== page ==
So, London. Been thinking about how exactly to blog it…kind of a big place, and this trip was the longest I’ve ever spent there and therefore I saw more than ever before.
The other thing about London is that lots of people know lots about it, so I can’t share anything that’s terribly interesting, really.
So what I’m going to do is lay out some of the big, common sites of London into little groups for anyone who hasn’t been there, so that when you go (when being the operative word here), you can know how accessible things are.
So, starting in the west:
1. Kensington/Hyde Park Area
The Albert Memorial (and Royal Albert Hall across the street)
Peter Pan (of utmost importance)
And the park itself
There are lots of other things: Princess Diana Memorial, places in the water you can swim or paddle boat, loads of other memorials (Brits love memorials. And when I say love, I mean with a hot, steamy passion.), and nice paths for walking, biking, and nature-enjoying. Hyde Park is one of my most favorite places in London. Nearby is the Victoria & Albert Museum, which I have thoroughly enjoyed (also it’s free so worth a pop in at any time).
Heading East from there, you’ll come to
2. Buckingham Palace Area
There you’ve got the Wellington Arch (in a square full of other memorials)
The Palace itself
Queen Victoria Memorial
And a little jaunt further east will bring you to Trafalgar Square (full of, surprise surprise, memorials)
On Trafalgar square is the National Gallery, free-ninety-free, if you want to look at a lot of fantastic art in the flesh. Changing of the guard at Buckingham might be worthwhile if you’re into pomp and circumstance. Personally, I just love Queen Victoria and that’s why I like seeing Buckingham Palace.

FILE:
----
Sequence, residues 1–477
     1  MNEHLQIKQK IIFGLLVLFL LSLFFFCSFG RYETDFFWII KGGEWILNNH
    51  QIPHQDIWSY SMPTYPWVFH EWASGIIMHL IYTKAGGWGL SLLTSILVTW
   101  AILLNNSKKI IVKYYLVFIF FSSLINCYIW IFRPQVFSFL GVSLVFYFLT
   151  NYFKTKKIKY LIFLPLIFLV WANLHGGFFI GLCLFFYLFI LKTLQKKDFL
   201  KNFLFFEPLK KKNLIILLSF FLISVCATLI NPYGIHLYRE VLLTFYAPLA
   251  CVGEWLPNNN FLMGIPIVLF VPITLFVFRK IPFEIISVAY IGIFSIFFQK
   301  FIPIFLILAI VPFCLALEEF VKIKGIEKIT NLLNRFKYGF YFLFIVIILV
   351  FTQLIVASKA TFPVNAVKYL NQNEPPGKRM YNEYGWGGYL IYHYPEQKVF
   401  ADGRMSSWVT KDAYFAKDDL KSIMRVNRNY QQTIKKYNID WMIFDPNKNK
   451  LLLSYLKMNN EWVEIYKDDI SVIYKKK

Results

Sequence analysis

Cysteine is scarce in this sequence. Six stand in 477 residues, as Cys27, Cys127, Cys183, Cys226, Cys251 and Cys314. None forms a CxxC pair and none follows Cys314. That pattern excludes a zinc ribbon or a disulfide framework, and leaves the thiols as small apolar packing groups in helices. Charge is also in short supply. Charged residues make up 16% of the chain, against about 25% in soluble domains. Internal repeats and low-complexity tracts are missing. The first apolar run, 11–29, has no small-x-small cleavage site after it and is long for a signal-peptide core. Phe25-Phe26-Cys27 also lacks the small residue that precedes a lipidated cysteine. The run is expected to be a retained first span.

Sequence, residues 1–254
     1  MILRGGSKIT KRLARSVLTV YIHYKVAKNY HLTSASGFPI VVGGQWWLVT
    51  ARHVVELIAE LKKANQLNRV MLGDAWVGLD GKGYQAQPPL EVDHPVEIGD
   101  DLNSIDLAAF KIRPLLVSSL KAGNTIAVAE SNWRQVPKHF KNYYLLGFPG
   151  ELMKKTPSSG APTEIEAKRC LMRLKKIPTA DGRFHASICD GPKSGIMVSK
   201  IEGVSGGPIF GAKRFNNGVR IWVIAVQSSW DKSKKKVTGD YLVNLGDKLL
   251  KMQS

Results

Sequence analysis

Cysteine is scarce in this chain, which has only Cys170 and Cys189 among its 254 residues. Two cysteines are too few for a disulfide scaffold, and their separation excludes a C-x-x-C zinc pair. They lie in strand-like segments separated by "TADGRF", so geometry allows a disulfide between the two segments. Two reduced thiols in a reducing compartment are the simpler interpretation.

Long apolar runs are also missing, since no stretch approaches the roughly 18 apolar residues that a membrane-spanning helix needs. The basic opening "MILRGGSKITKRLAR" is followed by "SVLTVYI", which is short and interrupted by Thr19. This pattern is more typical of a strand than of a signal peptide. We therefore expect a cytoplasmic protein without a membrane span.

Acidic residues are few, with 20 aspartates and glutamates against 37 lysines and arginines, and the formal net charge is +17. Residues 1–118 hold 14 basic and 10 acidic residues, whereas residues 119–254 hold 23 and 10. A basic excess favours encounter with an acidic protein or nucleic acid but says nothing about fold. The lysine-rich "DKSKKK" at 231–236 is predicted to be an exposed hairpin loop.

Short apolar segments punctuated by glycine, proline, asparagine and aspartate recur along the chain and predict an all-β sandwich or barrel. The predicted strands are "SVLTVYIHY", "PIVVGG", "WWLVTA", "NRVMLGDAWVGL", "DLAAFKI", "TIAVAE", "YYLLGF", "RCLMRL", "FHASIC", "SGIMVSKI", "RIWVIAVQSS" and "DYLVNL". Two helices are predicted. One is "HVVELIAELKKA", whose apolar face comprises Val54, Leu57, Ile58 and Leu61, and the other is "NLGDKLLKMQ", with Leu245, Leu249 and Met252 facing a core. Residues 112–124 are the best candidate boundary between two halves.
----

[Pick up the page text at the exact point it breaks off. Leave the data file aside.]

From there you can easily take a walk to:
There, you’ve got the Abbey itself
At the end of which is Big Ben
And across from which is Parliament square (full of memorials obviously, including great leaders from other nations).
We went to an Evensong in Westminster, which was cool, because not only is the church ornately beautiful, but LOADS of super important, famous Brits are buried there and I definitely think it’s worth paying for the tour to see them all. Poets, scientists, and royalty alike. We also went to the Churchill War Rooms museum just a block or so away, which I’ll blog about in more detail later, but that was also very cool.
From Westminster, you can easily reach the
Along which you will see many famous bridges, from which you can get great views
From whence you can decide what cool things to see. This one was taken from the Millennium bridge. At one end of that bridge is St. Paul’s cathedral, which is lovely. At the other end is
Which will always get me excited. Still haven’t seen a play there but it will happen even if it’s my dying act.
Going along you’ll also see the London Bridge, and eventually you’ll come to the Tower Bridge.
Which is pretty cool looking itself, but even better is the Tower of London right there on the river’s bank.
Absolutely bursting with history, this building is. Also full of lovely jewels if you want to pay to glide past them on a conveyor belt. I think it’s worth it just to be inside where Anne Boleyn and such were held prisoners and executed, etc. because I love dramatic history like that.
Now, you can see all of this in one day in London. See being the key. You’ll walk, and you’ll see, and at the end of the day, your feet will be plotting murder against you. If you only have one day in London though, I would highly recommend this route (customizable to your interests). However, I wouldn’t recommend one day in London. I would recommend a year if that’s possible, where you go see something every day. You won’t get bored, I promise.
If you’re a normal person, however, who must return to responsibility so you’ve only got a few days in London, take some time to mosey around these hotspots to see the essential bits of London.